Note: The continuous lines indicate the impact of the respective event in year t on the level of potential output up to the period t+8, i.e. eight years after the end of the event, and the shaded areas depict the 95% confidence interval. The impact on potential output is estimated with a local projections approach, based on a global panel that includes all events simultaneously, four lags of potential output growth to control for endogeneity, and country-fixed effects. As most of the epidemics considered in the analysis are relatively recent, the sample only allows their impact to be calculated until four years after the end of the epidemic. Potential output is defined as the level of output that is consistent with the productive capacity of an economy.

In contrast, financial crises are associated with a very persistent downward shift in potential output. The results for past financial crises (as examples of endogenous crises, i.e. those triggered by the accumulation of economic imbalances) suggest a loss of around 5% even after eight years, in line with the recent literature discussed above. This is supported by the fact that, for recessions caused by financial crises, no overshooting in growth rates can be observed after the end of the recession, pointing to long-lasting scarring effects on the level of potential output (see Chart B). This is different from the exogenous crises (i.e. epidemics, the OPEC embargo and wars), where the initial contraction is followed by above-normal growth rates, bringing the economy’s potential output back to its long-term trend path.

Chart B

Impact of past epidemics and other crises on potential output growth

(percentage growth rates)

Sources: ECB calculations based on Penn World Tables and Laeven and Valencia (see footnote 4).
Note: The continuous lines indicate the impact of the respective event in year t on the growth rate of potential output up to the period t+8, i.e. eight years after the end of the event, and the shaded areas depict the 95% confidence interval. The impact on potential output is estimated with a local projections approach, based on a global panel that includes all events simultaneously, four lags of potential output growth to control for endogeneity, and country-fixed effects. As most of the epidemics considered in the analysis are relatively recent, the sample only allows their impact to be calculated until four years after the end of the epidemic. Potential output is defined as the level of output that is consistent with the productive capacity of an economy.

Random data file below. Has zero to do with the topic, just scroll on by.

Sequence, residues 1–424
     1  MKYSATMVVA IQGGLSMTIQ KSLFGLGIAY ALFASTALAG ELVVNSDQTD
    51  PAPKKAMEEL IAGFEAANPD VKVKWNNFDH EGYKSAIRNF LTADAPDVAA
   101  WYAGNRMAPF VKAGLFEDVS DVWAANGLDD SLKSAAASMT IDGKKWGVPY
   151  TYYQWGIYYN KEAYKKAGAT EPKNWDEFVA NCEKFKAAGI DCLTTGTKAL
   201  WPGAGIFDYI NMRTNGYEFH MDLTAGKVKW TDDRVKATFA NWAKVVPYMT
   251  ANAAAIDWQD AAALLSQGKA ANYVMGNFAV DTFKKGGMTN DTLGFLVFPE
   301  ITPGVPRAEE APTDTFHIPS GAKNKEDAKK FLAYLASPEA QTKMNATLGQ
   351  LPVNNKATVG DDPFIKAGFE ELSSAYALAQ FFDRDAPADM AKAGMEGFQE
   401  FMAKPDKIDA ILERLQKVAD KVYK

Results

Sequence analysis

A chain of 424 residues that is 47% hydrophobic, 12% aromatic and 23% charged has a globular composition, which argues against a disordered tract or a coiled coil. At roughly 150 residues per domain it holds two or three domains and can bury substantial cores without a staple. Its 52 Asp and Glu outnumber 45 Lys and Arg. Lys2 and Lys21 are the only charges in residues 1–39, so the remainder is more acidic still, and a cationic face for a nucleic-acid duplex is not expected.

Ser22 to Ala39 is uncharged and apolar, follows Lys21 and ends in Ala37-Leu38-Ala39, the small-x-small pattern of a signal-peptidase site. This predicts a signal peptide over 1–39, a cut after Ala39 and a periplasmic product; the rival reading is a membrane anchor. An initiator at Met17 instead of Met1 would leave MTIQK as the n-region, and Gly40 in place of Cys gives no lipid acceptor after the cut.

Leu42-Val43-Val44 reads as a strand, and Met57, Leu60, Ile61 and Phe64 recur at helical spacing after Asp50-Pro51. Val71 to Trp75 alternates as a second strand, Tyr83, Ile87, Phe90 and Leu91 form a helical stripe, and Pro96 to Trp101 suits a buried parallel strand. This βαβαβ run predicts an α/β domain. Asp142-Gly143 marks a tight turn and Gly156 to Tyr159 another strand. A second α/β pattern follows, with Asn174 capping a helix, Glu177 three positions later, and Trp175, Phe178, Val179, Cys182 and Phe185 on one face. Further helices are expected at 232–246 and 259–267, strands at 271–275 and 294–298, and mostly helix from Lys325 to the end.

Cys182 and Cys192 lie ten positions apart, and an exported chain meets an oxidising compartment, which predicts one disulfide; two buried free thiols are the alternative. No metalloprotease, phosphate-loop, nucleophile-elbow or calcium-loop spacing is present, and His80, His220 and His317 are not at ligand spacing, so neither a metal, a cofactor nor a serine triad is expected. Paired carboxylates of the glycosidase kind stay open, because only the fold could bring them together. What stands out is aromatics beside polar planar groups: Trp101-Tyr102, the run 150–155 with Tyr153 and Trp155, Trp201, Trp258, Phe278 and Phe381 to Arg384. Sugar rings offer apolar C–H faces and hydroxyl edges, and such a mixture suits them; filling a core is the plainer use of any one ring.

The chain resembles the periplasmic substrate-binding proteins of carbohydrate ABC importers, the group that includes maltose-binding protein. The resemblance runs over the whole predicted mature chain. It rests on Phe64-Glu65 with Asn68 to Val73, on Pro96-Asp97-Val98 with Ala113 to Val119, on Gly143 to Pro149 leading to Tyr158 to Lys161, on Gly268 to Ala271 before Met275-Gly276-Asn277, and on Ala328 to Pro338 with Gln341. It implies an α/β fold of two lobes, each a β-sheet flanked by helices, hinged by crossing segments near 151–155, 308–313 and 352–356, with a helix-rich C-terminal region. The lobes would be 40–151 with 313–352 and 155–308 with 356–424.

Evidence shows that in recessions following financial crises, the impact of the crisis was particularly persistent for the capital stock.[9] It is useful to assess the impact of past financial crises on the individual components of potential output. All three supply-side components of the production function are initially affected by a financial crisis (see Chart C). While the negative impact on total factor productivity and labour input starts to subside after approximately three years, there are adverse and persistent effects on the capital stock, which is the main source of the long-term scarring effects of financial crises.

COVID-19 could negatively affect the capital stock, as was observed in past financial crises. Capital depreciation is likely to have increased as a result of COVID-19, especially in capital-intensive sectors hit by the crisis such as the airline industry, where parts of the capital stock could become obsolete, as well as in other sectors that are struggling as a result of the demand shock. Furthermore, post-crisis public finance consolidation needs combined with difficult economic prospects for companies may contribute to a period of protracted under-investment.[10]

Chart C

Impact of financial crises on supply-side components of potential output

(cumulative growth rates)

Sources: ECB calculations based on Penn World Tables and Laeven and Valencia (see footnote 4).